Jump to content


participating member
  • Posts

  • Joined

  • Last visited

Contact Methods

  • Website URL

Profile Information

  • Location
    Mountain View CA

Recent Profile Visitors

1,121 profile views
  1. I think there are different styles of kari kari ume. What I referred to as kari kari ume is ume that gets salt treatment. The ones you are asking about is the sweeter ume boshi that's closer to dried sweetened fruit. I love them too and I know the brand you are talking about. And you are right, it is called kari kari ume too. I've seen some Japanese recipes where ume is treated with sugar only but I've not tried that method. If I find a method of making the style of Tomuguchi brand, I'll post here. It's definitely dried and sugar or sugar substitute treated.
  2. In my neighborhood in California you can purchase myoga but it has to be in season for Japanese markets to carry it. I usually start seeing in mid summer to September. I grow myoga in my garden too but my harvest is usually around late August. If you can find Japanese market nearby (perhaps in NYC), I think you may be able to find it in summer months.
  3. No difference between naga negi and negi. Some people call them negi and others naga negi.
  4. Thank you for these explanations. Is there a Chinese name for the flat, linguine type egg and wheat noodle? I'm beginning to feel that there are several mistakes in her book. For example her use of the word la mian. Now I'm beginning to wonder if la mian is used for both egg/wheat and all wheat noodle. She uses the term to describe the egg noodle.
  5. Can you also provide Chinese character for the bao part? Thanks.
  6. Please help me understand mian bao. According to C Trang of "Noodles Every Day" it is linguine like Chinese egg noodle. However, when I google I get some bun types showing up. Which is it?Thank you!
  7. Although not from seeds, but I have yuzu tree that is producing finally in my Silicon Valley area backyard full of other fruit trees. I had a heck of a time trying to locate this tree (now I can't even remember where I ordered), but I planted the tree about 2-3 seasons ago. I figured it would do well here because I have Meyers lemon, Bearss/Tahitian lime, mandarin oranges, Eureka lime and calamansi growing really well. From seeds, I was able to get enough vines from Japanese kyoho (is that the name? now I can't remember ) which produces really well here.
  8. Wondering if anyone made better progress with kasutera recipes? Love to hear them!
  9. My tiny yuzu tree which was planted about 1 1/2 in Northern CA has finally started to produce. Gave me 2 small yuzu It's a start nonetheless. Surprisingly these yuzu were not very juicy.
  10. Helen, I appreciate you providing a recipe you have actually used to make ramen noodle. Were you happy with your results? I ask this question because although soba is certainly much better when homemade (at least to me), I don't necessarily find homemade spaghetti or udon any better than those available commercially. But, I am very interested in trying my hand in making ramen because it's not easy finding quality ramen noodle here in the US that I like.
  11. Sanrenso - that tune takes me back to my youth. Yogurt kasutera sounds very interesting. I wish I had Bunmeido kasutera that I can do some serious comparison too. Jumanggy - thanks for the video and another good lead. Within a week, I plan on testing that recipe as well. Mary Elizabeth - I have Nijiya within 5 minutes drive in Mountain View. How was that one? I've purchased several at Nijiya in the past and have been disappointed. Don't remember the brands I purchased, but they seemed really dried out. Are you happy with your purchase? Last night I started my first kasutera. And, wouldn't you know it, I also made the same mistake by not oiling the pan that goes on top. I thought it would not touch, but I was wrong. My batter was quite thick going in after whipping for 6 minutes - I may back off on that a bit to make the batter thinner. The taste of was right on, not too eggy and not too honey-like. But, the 35-40 minutes in my oven was too long. I need to decrease the timing. It was bit too dry for my taste, but the texture was quite appealing. It was a little chewy - dense but light at the same time. I would like to see finer texture though. Still needs some tweaking due to my lack of technique and my oven that seems to overbake at times. I used 9 x 9 x 2 in square pan and it was too big for this recipe. Kasutera ended up being a little over 1 inch high. I also inverted the cake after it finished baking before covering it with plastic. The bottom is where it hit the top pan - so not much darkness there.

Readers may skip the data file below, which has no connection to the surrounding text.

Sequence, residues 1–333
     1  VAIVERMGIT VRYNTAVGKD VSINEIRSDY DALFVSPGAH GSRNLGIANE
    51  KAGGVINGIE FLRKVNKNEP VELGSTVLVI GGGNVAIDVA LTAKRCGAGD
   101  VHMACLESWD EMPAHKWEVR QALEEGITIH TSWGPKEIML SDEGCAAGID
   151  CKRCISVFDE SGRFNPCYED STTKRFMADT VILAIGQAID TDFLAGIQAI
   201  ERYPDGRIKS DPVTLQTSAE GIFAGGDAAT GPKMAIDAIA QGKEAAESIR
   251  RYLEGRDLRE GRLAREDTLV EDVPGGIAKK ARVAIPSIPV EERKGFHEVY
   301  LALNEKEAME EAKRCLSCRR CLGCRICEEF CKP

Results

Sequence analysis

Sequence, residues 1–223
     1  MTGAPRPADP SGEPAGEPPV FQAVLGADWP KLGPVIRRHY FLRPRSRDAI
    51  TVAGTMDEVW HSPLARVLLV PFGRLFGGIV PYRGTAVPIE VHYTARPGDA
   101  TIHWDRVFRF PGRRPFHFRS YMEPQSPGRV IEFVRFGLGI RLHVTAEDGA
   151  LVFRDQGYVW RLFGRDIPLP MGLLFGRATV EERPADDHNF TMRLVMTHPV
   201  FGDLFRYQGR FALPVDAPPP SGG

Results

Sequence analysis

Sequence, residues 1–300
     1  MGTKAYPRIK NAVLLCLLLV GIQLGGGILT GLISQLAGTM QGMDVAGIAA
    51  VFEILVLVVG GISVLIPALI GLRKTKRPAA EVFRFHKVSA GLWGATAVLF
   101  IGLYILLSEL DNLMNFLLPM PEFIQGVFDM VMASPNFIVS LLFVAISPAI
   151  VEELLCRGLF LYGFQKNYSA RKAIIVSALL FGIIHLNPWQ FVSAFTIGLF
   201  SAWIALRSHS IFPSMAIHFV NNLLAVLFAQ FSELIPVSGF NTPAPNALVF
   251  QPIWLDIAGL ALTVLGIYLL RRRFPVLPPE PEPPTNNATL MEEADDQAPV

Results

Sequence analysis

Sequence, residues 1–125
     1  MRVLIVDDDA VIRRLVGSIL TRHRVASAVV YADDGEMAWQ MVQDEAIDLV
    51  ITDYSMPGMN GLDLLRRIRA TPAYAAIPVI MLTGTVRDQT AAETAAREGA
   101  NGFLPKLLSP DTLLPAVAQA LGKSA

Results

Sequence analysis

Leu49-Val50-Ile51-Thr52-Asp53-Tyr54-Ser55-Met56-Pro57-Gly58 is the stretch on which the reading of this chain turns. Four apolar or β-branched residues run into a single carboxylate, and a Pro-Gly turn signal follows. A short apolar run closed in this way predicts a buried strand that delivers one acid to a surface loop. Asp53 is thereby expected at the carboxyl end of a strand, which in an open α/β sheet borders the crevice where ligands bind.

12. I looked at this recipe and it's quite similar to the one I'm testing tonight. Mine uses 4 eggs, 100 gram soft flour, 110 gram sugar, 2 T honey, and 1 1/2 T warm water. This ones does not separate the eggs, but whip for 5 minutes and and add honey and water. Combine flour in thirds mixing. Temperature originally at 180 degrees for first 7 minutes. Remove and cover with pan, reduce to 170 degrees for for 35 to 40 minutes. After removing from pan with cookie sheets, cover completely with plastic wrap and plastic for 12 hours. We will see how this ones goes. I'm using a square pan lined with baking sheets.
  13. Oh, good, please try it and let us know so that perhaps we can make the perfect kasutera. I have one baking as we speak and will post the results tomorrow after it sits in the plastic overnight.
  14. BTW, Mary Elizabeth, the dark areas are much more uniform now. The first ones were a lot darker on top that extended inwards than the sides or bottom.
  • Create New...